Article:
“How much” isn’t so bad. It is made of net price, tax, shipping, discount, coupon redemption, and finally, total paid amount (for completed transactions). Sounds easy? Let’s just say that out of thousands of transaction files that I’ve encountered in my lifetime, I couldn’t find any “one rule” that governs how merchants would handle returns, refunds, or coupon redemptions.
Some create multiple entries for each action, with or without common transaction ID (crazy, right?). Many customer data sources contain mathematical errors all over. Inevitable file cutoff dates would create orphan records where only return transactions are found without any linkage to the original transaction record. Yes, we are not building an accounting system out of a marketing database, but no one should count canceled and returned transactions as a valid transaction for any analytics. “One-size-fits-all?” I laugh at that notion.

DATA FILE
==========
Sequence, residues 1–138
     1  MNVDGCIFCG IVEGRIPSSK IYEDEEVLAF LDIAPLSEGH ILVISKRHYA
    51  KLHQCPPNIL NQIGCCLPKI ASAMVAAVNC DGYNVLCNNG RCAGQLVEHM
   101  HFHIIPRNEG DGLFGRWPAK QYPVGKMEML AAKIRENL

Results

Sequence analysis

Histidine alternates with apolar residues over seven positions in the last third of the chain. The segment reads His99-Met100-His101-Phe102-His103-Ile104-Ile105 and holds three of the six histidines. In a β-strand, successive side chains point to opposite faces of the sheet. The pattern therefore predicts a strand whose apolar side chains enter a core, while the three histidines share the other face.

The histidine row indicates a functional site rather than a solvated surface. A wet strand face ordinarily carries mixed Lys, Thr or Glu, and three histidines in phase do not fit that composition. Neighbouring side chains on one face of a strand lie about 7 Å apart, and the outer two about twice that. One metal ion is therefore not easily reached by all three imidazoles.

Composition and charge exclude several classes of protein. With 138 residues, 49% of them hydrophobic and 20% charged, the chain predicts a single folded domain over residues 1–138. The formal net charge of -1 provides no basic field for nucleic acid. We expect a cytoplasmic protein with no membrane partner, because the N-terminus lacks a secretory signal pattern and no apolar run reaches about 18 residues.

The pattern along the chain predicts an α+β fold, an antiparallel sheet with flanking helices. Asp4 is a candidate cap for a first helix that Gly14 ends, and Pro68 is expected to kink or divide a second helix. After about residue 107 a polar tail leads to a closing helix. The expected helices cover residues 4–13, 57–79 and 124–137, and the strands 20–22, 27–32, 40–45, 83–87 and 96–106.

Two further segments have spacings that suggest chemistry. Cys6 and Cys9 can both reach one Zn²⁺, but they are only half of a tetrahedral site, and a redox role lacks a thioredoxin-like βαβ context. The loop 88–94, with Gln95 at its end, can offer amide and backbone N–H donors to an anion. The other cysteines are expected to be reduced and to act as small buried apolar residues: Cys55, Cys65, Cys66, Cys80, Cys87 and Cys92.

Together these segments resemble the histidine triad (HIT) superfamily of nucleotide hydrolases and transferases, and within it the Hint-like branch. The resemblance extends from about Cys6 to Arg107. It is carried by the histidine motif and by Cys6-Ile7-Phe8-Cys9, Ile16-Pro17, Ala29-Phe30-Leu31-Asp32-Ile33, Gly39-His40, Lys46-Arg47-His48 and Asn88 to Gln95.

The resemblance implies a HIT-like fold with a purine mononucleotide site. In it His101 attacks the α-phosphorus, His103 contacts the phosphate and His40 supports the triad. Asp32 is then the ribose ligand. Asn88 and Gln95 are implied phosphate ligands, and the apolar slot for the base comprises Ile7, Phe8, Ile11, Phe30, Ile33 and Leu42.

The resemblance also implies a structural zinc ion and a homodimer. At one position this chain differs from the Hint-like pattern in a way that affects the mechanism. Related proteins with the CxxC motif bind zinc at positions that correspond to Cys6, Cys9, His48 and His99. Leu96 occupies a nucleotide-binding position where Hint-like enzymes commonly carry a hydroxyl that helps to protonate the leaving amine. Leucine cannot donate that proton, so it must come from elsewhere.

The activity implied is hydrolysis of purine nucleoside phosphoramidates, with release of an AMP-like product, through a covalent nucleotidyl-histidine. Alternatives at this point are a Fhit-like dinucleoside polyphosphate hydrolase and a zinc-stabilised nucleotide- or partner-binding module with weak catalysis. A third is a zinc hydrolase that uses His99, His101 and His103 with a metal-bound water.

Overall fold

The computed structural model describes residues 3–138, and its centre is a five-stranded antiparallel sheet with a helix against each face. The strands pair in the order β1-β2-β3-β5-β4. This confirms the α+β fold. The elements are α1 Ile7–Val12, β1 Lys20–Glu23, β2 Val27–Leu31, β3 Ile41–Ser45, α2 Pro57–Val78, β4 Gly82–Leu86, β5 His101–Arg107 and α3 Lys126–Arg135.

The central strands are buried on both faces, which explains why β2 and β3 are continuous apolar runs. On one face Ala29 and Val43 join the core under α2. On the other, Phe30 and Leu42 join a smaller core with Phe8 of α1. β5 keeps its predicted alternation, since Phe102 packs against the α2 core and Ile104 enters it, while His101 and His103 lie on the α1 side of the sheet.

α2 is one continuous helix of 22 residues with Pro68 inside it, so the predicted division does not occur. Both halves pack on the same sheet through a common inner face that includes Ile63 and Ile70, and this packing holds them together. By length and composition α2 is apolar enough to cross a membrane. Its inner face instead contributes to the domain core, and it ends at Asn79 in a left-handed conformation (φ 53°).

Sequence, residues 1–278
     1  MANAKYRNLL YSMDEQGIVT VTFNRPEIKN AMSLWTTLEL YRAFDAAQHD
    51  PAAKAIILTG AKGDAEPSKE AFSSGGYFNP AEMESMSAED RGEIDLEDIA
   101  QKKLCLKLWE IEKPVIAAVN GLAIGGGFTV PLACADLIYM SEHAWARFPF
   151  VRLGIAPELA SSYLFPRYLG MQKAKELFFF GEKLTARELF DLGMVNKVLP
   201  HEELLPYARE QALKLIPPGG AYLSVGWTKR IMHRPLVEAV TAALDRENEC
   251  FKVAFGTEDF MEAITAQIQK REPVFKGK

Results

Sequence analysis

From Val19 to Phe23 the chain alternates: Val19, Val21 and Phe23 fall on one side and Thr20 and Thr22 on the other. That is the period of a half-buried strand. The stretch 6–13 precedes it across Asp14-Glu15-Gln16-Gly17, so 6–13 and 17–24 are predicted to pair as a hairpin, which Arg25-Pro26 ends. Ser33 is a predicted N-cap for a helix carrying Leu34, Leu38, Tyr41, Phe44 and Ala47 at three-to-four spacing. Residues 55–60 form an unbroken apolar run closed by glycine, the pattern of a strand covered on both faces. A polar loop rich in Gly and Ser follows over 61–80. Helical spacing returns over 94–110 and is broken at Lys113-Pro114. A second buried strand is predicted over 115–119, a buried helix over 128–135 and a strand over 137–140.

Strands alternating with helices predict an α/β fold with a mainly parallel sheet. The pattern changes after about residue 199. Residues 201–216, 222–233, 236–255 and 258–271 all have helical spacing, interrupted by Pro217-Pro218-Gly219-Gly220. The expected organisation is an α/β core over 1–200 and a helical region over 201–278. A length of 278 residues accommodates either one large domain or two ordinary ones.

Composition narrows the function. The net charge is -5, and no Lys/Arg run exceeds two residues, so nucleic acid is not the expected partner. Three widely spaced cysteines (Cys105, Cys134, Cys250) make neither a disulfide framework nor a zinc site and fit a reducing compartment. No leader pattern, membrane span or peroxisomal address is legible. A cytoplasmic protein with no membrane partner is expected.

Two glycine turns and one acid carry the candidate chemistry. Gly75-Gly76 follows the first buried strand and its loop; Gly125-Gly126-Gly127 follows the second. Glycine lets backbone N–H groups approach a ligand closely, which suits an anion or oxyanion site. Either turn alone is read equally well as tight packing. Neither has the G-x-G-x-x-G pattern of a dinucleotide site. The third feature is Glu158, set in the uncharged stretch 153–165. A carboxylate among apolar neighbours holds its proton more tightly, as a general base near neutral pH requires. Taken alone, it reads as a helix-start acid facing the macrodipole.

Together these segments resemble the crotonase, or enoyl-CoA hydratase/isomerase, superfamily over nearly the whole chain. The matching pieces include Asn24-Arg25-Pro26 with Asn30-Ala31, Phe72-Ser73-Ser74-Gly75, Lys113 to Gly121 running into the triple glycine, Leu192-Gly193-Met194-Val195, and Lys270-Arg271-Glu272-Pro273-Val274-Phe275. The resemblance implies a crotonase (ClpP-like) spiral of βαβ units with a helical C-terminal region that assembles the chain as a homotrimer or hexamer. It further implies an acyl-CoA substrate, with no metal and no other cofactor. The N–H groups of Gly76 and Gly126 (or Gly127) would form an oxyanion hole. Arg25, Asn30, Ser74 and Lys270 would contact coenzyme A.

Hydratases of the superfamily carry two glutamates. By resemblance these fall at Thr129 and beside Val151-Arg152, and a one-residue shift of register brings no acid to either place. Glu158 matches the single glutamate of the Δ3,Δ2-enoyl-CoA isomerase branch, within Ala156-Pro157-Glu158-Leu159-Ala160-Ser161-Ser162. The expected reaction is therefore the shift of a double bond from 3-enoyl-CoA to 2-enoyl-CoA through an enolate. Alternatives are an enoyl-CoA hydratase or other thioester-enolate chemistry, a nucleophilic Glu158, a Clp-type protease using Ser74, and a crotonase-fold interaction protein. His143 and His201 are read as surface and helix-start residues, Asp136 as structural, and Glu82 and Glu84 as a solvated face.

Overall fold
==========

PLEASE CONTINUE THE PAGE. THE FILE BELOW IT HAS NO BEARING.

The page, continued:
“Channel” may not be so bad. But at what level? What if the client has over 1,000 retail store locations all over the world? Should there be a subcategory under “Retail” as a channel? What about multiple websites with different brand names? How would we organize all that? If this type of basic – but essential – data isn’t organized properly, you won’t even be able to share store level reports with the marketing and sales teams, who wouldn’t care for a minute about “why” such basic reports are so hard to obtain.